Study Initiated to Track Health and Laboratory/Blood Markers in Residents of East Palestine and Beyond in Areas Apparently Affected by the Plume

Dr. Beatrice Golomb, professor of medicine at University of California San Diego School of Medicine (, and Scott Smith, Chief Sustainability Officer of ECO Integrated Technologies, Inc. (, announced today that they are collaborating to help the residents of East Palestine and surrounding communities impacted by the chemicals released from the Feb. 3, 2023, Norfolk Southern train derailment and subsequent controlled burn.

This study will secure information on exposures (related to the when and where), as well as use of local water (for drinking, cooking, bathing, etc.) and exposures to air, local food, etc. 

The team will also collect blood — both for testing now of health-relevant markers that may be affected by train-derailment toxins and to archive samples to enable future testing of "early" samples when new information emerges and new scientific ideas require testing.  

The intent is to follow people over time to assess how early exposures, symptoms and objective blood markers may predict or relate to health developments going forward.  Note: Examples of markers previously reported to be affected by East Palestine-relevant toxins include liver, kidney and thyroid function; "metabolic" markers like blood sugar and cholesterol; and reproductive hormone levels. 

Dr. Golomb stated, "We are so excited to work with Scott Smith and have the benefit of his environmental testing for this East Palestine health effects study. His involvement elevates the exposure assessments and robustness of this effort."

Smith stated, "It is simple. Whether it is blood, urine, soil, water, air intake vents and/or furnace filters, you can't find what you don't look for. I am honored to be working with Dr. Golomb and her team to help the residents of East Palestine and surrounding communities."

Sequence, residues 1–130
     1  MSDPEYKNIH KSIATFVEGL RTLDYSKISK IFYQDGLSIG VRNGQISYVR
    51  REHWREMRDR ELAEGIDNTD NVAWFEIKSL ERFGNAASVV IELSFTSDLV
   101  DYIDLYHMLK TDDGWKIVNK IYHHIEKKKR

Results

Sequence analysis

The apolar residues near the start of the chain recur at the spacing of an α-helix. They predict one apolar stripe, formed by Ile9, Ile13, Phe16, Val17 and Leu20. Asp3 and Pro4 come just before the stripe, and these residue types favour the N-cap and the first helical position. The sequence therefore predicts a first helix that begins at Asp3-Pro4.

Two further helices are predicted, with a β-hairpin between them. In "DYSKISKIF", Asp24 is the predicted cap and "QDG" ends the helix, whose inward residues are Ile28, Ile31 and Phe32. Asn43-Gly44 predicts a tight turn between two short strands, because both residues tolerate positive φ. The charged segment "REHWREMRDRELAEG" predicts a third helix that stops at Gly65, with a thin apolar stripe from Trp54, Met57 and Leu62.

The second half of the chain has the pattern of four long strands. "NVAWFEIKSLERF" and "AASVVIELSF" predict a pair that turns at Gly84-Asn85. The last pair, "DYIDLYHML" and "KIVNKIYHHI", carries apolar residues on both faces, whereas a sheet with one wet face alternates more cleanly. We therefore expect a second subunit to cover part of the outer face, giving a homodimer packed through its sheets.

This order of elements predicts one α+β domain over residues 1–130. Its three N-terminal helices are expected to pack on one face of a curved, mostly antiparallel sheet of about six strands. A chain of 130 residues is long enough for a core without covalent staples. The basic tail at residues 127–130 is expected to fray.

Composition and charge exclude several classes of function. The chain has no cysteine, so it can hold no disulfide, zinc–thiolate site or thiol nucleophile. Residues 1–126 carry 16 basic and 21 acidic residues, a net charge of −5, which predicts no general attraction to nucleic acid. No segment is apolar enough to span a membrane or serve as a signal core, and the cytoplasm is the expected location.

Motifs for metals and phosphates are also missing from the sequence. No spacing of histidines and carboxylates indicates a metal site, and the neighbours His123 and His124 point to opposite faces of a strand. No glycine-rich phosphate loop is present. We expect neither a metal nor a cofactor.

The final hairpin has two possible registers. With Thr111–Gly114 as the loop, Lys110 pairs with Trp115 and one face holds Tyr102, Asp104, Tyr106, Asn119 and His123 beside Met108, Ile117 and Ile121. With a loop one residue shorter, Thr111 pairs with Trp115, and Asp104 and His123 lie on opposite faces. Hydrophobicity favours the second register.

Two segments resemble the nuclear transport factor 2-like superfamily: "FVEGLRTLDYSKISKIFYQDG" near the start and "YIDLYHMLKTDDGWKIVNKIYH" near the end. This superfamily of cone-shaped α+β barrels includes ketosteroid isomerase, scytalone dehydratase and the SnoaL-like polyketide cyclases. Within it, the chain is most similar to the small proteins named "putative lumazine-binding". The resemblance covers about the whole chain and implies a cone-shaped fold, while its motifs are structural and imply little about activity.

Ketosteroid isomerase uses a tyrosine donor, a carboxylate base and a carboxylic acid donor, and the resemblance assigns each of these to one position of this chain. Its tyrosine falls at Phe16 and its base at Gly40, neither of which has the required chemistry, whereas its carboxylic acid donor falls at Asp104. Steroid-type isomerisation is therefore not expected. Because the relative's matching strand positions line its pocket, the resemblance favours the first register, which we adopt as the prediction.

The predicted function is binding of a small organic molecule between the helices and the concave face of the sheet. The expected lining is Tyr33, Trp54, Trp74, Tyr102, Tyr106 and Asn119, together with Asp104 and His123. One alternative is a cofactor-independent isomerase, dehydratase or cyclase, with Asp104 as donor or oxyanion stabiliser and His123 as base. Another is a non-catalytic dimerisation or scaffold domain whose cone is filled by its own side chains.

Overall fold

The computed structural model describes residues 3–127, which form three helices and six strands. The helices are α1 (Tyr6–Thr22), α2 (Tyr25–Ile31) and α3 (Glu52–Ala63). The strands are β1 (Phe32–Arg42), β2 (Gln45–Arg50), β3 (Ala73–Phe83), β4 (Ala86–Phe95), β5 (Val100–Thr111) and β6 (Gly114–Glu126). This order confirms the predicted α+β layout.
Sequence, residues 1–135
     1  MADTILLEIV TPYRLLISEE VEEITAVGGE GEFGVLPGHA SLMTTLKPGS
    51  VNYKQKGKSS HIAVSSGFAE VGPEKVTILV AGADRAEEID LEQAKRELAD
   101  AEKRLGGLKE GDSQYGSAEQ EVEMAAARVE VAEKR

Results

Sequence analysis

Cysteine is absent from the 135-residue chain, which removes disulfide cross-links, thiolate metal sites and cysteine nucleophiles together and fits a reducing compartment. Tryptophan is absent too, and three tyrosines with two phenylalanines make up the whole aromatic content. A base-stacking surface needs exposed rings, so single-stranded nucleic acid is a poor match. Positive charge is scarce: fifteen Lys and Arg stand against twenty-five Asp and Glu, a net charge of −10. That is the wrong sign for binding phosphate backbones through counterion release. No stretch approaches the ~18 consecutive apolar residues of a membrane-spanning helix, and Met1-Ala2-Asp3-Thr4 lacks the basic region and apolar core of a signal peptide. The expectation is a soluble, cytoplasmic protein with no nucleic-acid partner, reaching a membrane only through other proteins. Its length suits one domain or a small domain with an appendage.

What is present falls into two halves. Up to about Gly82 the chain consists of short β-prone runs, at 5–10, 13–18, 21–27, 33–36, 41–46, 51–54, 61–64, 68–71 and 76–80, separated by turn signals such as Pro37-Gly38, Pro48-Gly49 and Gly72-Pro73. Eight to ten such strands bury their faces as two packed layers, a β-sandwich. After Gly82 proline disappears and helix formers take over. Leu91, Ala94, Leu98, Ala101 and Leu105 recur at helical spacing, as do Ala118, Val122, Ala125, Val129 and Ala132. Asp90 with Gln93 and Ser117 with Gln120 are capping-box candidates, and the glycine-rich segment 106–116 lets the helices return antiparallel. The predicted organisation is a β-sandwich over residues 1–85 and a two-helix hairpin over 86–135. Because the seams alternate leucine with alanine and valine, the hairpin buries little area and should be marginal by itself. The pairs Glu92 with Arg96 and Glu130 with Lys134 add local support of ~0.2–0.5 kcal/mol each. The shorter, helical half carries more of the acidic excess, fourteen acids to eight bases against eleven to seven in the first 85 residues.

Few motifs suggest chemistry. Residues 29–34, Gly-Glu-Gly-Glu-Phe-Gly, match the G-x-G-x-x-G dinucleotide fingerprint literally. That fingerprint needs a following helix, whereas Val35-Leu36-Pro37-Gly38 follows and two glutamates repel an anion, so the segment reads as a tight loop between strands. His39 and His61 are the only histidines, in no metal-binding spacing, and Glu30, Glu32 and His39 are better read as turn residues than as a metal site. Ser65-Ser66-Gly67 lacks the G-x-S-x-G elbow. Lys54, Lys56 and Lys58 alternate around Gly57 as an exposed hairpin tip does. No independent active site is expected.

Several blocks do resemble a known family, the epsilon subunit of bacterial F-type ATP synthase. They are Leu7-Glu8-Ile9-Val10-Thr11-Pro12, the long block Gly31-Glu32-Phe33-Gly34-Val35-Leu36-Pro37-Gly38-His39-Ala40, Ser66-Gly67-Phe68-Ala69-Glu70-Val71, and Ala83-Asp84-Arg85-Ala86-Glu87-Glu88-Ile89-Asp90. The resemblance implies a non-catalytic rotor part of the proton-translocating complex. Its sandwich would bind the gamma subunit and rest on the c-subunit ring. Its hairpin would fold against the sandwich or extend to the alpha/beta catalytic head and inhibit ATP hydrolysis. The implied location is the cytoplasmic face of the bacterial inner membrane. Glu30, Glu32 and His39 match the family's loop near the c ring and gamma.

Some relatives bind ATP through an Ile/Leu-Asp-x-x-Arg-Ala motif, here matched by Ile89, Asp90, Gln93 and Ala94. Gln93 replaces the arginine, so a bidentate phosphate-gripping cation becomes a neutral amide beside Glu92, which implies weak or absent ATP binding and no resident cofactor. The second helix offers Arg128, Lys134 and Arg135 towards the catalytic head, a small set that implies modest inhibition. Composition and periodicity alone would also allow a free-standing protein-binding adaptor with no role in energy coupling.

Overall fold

Dr. Golomb has more than 25 years' experience working with mixed-toxin exposure in relation to Gulf War illness: The 1990-91 operations Desert Storm and Desert Shield involved an unprecedented number of exposures that left a third of Gulf War veterans with chronic illness attributable to their deployment — and these individuals also have increased risk of a range of "comorbid" health conditions as a consequence of their valorous service. Many lessons learned are directly applicable to the East Palestine mixed-toxin exposure scenario, particularly since critical mechanisms of toxicity that Dr. Golomb's lab has shown are central to the resulting (Gulf War) illness also constitute mechanisms of toxicity for East Palestine toxins. 

Of potential relevance, too, in the Gulf War, there were exposures to plumes of burned toxins, both following a munitions depot demolition that led ~100,000 individuals to be exposed as well as following exposures to "burn pits," in which multiple toxic substances were incinerated with resulting toxic combustion products aerosolized and breathed in, to the health detriment of military personnel.

This study has now been approved by the Human Research Protections Program at  University of California San Diego, so is poised to move forward. This is a grass-roots study, and donations make a difference.

Link to donate to help with this study and associated laboratory tests is:

There will be more announcements in the coming weeks, including a Zoom press conference to discuss more details. 

Contact Information:
Paloma Chavez
Research Coordinator
[email protected]

Original Source: Study Initiated to Track Health and Laboratory/Blood Markers in Residents of East Palestine and Beyond in Areas Apparently Affected by the Plume
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